IBM unveils new quantum computer in Germany – for the first time outside the United States

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BERLIN – IBM on Tuesday unveiled one of Europe’s most powerful quantum computers in Germany, bolstering the country’s efforts to stay in the race for what is seen as a key technology of the future.

Quantum computers use subatomic particles to bypass the limitations of traditional physics and perform calculations at much faster speeds than even the fastest existing supercomputers. While this has long been seen as the preserve of obscure research, companies increasingly hope to harness quantum computers to develop new materials, drugs, or artificial intelligence applications.

IBM CEO and President Arvind Krishna said: “I am very pleased with the launch of IBM Quantum System One in Germany, the most powerful quantum computer in Europe. It is a turning point from which the German economy, industry and society will benefit greatly. Quantum computers promise to solve entirely new categories of problems that are today beyond the reach of the most powerful conventional computers. “

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The new IBM system is the company’s first quantum computer outside of the United States, where it already has more than 30 such computers. It is located in a facility in Ehningen operated by the German research organization Fraunhofer Society.

This is the first step towards commercial scale of IBM’s quantum computing technology, according to IBM. In July, a quantum computer in Japan will join its cousin Fraunhofer, and in the not too distant future, one will also be installed at the Cleveland Clinic in Ohio, the company added.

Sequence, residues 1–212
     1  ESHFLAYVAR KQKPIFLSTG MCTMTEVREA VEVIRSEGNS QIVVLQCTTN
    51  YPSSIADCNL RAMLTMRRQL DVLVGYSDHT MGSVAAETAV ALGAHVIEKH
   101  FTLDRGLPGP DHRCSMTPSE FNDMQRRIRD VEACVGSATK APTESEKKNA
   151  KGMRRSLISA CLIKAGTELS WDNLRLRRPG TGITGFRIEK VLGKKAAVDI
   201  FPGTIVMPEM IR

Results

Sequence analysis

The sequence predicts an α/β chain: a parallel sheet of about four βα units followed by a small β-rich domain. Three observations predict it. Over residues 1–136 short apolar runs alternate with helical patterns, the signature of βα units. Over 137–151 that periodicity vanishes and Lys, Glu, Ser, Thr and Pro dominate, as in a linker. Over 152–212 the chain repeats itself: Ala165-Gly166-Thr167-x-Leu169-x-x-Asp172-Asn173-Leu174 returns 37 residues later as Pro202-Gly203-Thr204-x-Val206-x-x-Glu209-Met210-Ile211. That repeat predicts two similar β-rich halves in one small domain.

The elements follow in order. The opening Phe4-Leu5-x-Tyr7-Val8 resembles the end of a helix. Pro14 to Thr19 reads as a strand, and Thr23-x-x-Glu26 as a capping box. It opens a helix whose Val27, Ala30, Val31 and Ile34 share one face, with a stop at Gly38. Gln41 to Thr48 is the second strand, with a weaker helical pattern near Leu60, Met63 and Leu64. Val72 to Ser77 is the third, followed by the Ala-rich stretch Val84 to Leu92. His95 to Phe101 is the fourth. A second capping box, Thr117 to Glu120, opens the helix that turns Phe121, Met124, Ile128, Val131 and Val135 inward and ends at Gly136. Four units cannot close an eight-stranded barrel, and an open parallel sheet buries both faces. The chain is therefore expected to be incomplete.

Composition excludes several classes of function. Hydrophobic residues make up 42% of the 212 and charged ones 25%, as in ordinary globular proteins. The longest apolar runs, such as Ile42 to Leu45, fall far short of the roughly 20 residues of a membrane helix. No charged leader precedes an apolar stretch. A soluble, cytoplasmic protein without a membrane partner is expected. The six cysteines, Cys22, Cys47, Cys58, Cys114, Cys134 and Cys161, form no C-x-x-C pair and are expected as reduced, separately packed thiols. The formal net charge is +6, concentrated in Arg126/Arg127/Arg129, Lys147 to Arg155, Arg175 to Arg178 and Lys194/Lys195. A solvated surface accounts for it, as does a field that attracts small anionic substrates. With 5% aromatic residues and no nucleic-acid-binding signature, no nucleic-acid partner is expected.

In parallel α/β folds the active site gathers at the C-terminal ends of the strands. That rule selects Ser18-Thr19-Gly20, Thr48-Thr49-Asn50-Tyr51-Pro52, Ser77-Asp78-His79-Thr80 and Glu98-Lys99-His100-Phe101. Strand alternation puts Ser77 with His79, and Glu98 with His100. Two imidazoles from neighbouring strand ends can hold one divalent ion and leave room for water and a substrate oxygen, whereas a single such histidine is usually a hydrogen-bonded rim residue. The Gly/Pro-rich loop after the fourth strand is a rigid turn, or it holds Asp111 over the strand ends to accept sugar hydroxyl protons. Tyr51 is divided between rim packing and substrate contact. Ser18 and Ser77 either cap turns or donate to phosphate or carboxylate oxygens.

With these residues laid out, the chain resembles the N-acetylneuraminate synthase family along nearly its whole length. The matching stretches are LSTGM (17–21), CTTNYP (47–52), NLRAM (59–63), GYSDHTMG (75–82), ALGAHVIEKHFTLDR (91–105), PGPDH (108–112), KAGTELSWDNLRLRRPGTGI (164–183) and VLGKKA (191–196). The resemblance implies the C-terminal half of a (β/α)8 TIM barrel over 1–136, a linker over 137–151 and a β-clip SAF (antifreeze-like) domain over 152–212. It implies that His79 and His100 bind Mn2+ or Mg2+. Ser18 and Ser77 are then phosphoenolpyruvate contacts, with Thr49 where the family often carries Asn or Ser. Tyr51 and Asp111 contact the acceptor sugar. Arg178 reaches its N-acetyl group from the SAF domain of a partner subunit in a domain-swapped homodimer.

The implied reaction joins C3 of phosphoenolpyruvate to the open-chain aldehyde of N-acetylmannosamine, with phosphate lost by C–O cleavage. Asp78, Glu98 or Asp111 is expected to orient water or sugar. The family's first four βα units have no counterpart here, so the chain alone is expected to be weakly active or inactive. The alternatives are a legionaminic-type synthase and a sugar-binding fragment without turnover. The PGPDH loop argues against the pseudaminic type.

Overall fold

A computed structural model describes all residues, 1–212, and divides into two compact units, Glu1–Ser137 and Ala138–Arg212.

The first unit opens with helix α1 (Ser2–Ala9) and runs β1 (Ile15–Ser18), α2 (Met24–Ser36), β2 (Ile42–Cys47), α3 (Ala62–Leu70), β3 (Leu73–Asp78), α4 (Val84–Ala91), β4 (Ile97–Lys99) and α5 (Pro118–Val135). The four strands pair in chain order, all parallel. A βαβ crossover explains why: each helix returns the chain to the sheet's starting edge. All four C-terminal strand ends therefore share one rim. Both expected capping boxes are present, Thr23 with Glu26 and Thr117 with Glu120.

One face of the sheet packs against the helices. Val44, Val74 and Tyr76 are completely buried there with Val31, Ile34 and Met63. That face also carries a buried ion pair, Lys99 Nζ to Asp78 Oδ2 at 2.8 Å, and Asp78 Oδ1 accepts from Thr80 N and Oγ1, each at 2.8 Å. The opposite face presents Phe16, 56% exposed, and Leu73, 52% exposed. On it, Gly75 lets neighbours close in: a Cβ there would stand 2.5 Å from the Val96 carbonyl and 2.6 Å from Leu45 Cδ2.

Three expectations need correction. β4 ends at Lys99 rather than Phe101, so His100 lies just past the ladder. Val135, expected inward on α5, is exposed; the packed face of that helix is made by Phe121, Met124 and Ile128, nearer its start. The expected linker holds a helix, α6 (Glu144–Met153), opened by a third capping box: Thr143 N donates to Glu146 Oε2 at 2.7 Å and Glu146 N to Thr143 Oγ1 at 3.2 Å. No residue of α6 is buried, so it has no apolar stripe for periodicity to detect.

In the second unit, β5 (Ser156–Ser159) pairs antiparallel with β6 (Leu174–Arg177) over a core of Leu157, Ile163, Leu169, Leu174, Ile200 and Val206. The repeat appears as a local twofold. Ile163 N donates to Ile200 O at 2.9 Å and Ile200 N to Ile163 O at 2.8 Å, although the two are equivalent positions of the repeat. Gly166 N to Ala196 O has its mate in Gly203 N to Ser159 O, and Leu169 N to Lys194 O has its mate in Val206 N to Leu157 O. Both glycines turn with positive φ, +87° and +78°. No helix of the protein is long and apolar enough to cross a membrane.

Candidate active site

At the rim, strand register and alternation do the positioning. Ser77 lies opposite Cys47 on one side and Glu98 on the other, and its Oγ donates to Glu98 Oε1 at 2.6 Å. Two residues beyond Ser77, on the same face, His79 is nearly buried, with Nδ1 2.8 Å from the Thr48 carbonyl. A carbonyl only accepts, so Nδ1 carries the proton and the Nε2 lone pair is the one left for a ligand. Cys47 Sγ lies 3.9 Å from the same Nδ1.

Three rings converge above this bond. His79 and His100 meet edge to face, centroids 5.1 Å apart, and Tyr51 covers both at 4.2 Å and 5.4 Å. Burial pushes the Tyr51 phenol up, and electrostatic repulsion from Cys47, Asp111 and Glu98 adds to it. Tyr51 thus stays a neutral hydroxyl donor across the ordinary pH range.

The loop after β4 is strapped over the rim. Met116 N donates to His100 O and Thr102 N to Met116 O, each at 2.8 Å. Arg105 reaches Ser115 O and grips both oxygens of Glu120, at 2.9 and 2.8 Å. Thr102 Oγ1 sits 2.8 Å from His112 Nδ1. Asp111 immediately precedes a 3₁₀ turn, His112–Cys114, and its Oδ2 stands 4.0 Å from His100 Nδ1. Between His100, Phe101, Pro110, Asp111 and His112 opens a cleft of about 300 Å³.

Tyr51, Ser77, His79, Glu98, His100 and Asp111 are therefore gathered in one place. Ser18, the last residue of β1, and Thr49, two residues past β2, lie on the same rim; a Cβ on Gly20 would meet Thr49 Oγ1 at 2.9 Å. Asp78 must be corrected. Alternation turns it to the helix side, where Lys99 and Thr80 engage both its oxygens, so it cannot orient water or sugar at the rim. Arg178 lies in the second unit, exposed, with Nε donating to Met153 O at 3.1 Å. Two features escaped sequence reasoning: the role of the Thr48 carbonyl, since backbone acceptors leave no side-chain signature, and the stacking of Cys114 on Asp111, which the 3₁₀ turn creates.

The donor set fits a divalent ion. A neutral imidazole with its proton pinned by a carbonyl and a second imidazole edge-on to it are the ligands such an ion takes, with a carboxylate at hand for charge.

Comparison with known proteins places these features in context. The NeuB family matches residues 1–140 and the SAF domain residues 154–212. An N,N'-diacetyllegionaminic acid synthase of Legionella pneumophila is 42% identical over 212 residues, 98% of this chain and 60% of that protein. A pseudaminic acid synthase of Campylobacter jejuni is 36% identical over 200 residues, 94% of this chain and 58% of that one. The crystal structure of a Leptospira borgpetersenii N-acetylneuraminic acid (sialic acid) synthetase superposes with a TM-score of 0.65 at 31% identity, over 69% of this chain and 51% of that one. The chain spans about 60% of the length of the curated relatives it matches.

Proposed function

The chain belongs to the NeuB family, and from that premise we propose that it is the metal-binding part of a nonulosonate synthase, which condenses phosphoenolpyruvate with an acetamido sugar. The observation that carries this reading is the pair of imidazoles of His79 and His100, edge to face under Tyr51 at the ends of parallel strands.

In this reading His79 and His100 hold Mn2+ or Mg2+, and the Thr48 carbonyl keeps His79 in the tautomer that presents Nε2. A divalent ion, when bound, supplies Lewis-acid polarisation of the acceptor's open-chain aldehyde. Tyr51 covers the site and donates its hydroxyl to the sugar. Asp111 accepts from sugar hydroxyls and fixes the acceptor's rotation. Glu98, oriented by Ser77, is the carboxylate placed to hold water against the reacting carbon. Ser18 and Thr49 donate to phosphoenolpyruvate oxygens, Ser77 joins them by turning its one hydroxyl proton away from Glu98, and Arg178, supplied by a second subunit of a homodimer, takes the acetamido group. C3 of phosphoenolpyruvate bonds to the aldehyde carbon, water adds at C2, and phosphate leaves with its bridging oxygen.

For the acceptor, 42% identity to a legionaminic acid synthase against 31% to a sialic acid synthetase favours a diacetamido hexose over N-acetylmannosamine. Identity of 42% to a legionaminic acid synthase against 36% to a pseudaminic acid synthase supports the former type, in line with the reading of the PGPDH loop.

“Quantum computing opens up new possibilities for industry and society,” said Hannah Venzl, coordinator of the Fraunhofer Competence Network Quantum Computing, in a statement. “Medicines and vaccines could be developed faster, climate models improved, logistics and transport systems optimized, or new materials better simulated. For all of this to happen, to actively shape the rapid development of quantum computing, we need to develop expertise in Europe. “

Engineers from IBM Germany working on the IBM Quantum System One. (IBM image)

Speaking via video link at the official launch, German Chancellor Angela Merkel said quantum computing will play a key role in the country’s efforts to retain “technological and digital sovereignty” while also providing an engine for economic growth. .

“Of course, we are not alone in the world with such ideas,” she said. “The United States and China in particular are investing large sums.

Merkel said her government recently decided to increase its funding for quantum computing research by 2 billion euros ($ 2.4 billion) over the next five years.

“The rest of the world doesn’t sleep in this area,” said the 66-year-old, who was a quantum chemist in East Germany before entering politics.

IBM said the system in Ehningen can handle 27 quantum bits, or qubits, simultaneously. But Martin Jetter, the company’s president for Europe, Middle East and Africa, said IBM aims to have a stable quantum computer capable of handling more than 1,000 qubits by 2023.

NC State is one of the US universities working with IBM on quantum research efforts.

IBM operates one of its largest corporate campuses at RTP and owns Red Hat, based in Raleigh.



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